Europe in tumult

Brief summary

The continent’s victors and vanquished alike faced similar problems: everyday life was overshadowed by social unrest and economic hopelessness.

Europe underwent a civilisational crisis after World War I. The population of the continent was racked by popular uprisings, population movement, revolutions, unrest and upheaval, famine, civil wars and coups d’état. The Europe reshaped by the victors became the real loser, because the peace system put an end to its leading role in world politics, economics and culture. While they strove to weaken the losers as much as they could, strangely enough Europe’s great powers – who thought of themselves as victors – had little to feel satisfied with. Many of France’s demands remained unmet, while Great Britain was hit by a wave of protests and strikes staged by discontented workers. The governmental system of parliamentary democracy urged for by the United States produced a crisis of legitimacy in the defeated countries. While before the war there had been only three republics in Europe, by 1918 their number had risen to thirteen. The difficulties involved in this transition is illustrated by the fact that in the period between 1918 and 1922 hardly any governments in Europe managed to remain in office for more than a year. In Germany and Austria the average period between government crises was eight months. In the eyes of the masses who had suddenly become voters, mass democracy soon became a synonym for political instability, lawlessness, insecurity, corruption and clientelism: in other words, chaos.



„In 1919, the European empires were greatly extended. Within ten years, these empires were falling apart and
within a generation were finished."

Norman Stone


„The Englishman never respects any fellow unless that fellow beats him."
David Lloyd George


„The German people, the people of law and order, did not know what to do with their freedom."
Stefan Zweig


France will never forget its 1.7 million dead."
Charles de Gaulle


 „The demands for German reparations are aimed at driving that country to insolvency and ruining it economically."
Raymond Poincaré


 „Without America and England, France would perhaps no longer actually exist."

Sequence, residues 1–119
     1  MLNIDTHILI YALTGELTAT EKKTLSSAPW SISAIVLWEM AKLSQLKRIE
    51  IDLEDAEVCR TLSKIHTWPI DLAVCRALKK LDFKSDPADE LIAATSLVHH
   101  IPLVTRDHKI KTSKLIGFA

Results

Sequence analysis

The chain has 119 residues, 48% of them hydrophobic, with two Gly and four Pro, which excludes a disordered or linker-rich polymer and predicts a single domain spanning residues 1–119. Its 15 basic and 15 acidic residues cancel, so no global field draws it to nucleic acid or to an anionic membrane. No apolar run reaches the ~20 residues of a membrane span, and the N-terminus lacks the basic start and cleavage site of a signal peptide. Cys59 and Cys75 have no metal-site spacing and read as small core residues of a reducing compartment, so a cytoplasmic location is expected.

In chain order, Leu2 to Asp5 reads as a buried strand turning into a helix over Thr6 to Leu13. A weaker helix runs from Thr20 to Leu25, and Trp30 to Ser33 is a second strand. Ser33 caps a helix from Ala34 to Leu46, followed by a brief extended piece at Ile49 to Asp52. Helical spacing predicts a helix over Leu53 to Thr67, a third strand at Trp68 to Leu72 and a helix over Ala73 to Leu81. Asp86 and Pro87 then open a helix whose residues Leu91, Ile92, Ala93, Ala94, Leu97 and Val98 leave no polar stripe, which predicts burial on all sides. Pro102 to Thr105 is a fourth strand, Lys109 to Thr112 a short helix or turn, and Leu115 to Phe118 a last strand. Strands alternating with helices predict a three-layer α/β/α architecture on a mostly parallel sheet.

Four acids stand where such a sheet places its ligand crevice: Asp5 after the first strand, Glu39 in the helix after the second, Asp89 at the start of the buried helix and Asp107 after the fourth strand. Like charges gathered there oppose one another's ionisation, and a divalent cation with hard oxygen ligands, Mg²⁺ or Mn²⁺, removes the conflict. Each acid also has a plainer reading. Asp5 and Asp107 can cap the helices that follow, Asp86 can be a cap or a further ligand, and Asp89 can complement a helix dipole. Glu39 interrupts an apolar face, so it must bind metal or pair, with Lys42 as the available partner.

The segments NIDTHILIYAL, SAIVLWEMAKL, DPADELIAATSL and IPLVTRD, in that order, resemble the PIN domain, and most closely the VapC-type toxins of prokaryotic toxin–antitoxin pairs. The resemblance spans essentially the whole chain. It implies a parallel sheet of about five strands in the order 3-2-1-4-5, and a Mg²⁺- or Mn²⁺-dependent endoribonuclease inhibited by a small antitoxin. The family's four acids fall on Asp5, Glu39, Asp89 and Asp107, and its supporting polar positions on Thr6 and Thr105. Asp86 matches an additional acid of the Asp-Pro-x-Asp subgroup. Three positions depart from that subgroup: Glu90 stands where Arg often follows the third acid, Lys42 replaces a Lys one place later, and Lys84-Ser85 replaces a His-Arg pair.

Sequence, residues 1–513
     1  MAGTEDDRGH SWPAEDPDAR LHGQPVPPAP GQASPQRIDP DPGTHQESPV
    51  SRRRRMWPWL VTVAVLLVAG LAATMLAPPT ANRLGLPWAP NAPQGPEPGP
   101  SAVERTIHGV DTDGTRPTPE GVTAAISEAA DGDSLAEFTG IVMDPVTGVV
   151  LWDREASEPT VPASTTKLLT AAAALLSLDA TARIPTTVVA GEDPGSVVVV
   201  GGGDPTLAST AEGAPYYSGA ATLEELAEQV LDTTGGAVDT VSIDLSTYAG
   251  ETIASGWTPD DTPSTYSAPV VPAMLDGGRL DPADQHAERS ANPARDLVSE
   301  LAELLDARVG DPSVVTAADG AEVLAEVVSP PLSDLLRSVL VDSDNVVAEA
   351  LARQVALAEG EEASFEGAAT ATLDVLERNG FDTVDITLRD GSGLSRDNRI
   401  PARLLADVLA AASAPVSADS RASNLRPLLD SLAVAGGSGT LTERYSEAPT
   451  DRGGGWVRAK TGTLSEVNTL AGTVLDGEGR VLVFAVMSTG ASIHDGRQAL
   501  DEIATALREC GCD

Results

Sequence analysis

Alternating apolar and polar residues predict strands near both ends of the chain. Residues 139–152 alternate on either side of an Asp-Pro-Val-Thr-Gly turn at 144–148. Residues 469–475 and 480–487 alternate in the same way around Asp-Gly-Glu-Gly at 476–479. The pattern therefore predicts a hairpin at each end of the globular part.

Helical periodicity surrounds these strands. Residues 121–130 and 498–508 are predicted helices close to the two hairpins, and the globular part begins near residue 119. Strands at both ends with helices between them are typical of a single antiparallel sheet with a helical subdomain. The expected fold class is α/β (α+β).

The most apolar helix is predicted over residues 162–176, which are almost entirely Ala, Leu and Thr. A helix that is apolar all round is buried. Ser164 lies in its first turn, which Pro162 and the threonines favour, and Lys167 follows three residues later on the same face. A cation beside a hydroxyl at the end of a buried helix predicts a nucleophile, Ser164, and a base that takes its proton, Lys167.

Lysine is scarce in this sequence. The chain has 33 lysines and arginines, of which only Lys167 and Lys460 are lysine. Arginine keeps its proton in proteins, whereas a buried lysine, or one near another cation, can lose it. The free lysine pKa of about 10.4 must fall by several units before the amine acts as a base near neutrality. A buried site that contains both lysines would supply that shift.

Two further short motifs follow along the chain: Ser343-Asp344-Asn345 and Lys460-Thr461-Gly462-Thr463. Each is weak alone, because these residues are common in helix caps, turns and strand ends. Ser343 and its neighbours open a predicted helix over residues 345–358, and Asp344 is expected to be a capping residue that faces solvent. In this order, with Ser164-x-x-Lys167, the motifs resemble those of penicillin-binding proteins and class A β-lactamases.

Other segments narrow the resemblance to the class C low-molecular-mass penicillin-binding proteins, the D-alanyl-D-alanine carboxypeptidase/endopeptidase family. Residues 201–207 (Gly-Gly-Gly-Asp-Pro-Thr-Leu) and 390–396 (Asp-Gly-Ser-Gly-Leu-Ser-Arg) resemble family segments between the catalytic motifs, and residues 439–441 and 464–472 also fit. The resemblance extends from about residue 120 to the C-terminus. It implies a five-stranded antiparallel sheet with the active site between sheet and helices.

Georges Clemenceau


 „Our aim is to starve the whole population – men, women and children, old and young, wounded and sound – into submission. We are enforcing the blockade with rigour, and Germany is very near to starvation."
March 3, 1919


„The hundreds of thousands of non-combatants who have perished since the 11 th November through the blockade were killed with cold deliberation, after victory had been won and assured to our adversaries. Think of that, when you speak of guilt and atonement. We are far from seeking to exonerate Germany from all responsibility for the fact that this world war broke out and was waged as it was, but we emphatically combat the idea that Germany bears the sole guilt."
Ulrich von Brockdorff-Rantzau


„We want complete and absolute independence."
Eamon de Valera


„Ireland had been seething since the Easter Rebellion in 1916, and Irish troops at the depots were now giving away their weapons to the Sinn Feiners."
Robert Graves


„Don’t do business with the English; don’t wear English clothes; don’t appear before an English court! Don’t pay taxes!"
Mahatma Gandhi


„It is my firm belief that Europe today represents not the spirit of God or Christianity but the spirit of Satan. And Satan's successes are the greatest when he appears with the name of God on his lips. Europe is today only nominally Christian. In reality it is worshipping Mammon."
Mahatma Gandhi


„The notion that all men are created equal is an interesting one, but I don’t believe it."
Arthur Balfour


 „In no single theatre are we strong enough – not in Ireland, nor England, not on the Rhine, not in Constantinople, nor Batoum, nor Egypt, nor Palestine, nor Mesopotamia, nor Persia, nor India."
Sir Henry Wilson


„What is needed is a handful of determined men with unshakeable conviction, who know what they want and who advance directly to their goal."
Benito Mussolini


„Fascism has no theoretical arsenal, because every system is a mistake, and all theory is a prison."
Benito Mussolini


„Sovereignty is not given, it is taken."
Mustafa Kemal Atatürk






Further rooms

An entire era is lowered into the grave

Franz Joseph’s death was felt as a tragedy by his contemporaries.

Back from the front

The military casualties of the war numbered 10 million dead and 21 million wounded.

The creators of the peace structure

The victors invoked the principle of “national self-determination”, but their decisions bore no trace of this.

The dawn of the American century

After World War I the United States took over the leading role in world politics from Europe.

Europe in tumult

The continent’s victors and vanquished alike faced similar problems: everyday life was overshadowed by social unrest and economic hopelessness.

The Spanish flu pandemic

In three devastating waves, the pandemic killed over twenty million people: more than twice the number of soldiers killed in the war.

The league of nations

The organisation founded at President Wilson’s initiative was the first attempt at peaceful resolution of the world’s conflicts.

Red terror

Violence and intimidation were from the very start the essence of communist dictatorships.

The Leninist model

Attempts at transforming European societies and the threat of a communist world revolution posed a serious challenge to European states.

Changes – 1914–1922

“Divide and rule!” The victors redrew the world map in a way that would possibly perpetuate ethnic and religious conflicts.

In the shadow of Trianon

The dissolution of the Austro-Hungarian Monarchy plunged the Kingdom of Hungary into its deepest crisis since the Ottoman occupation.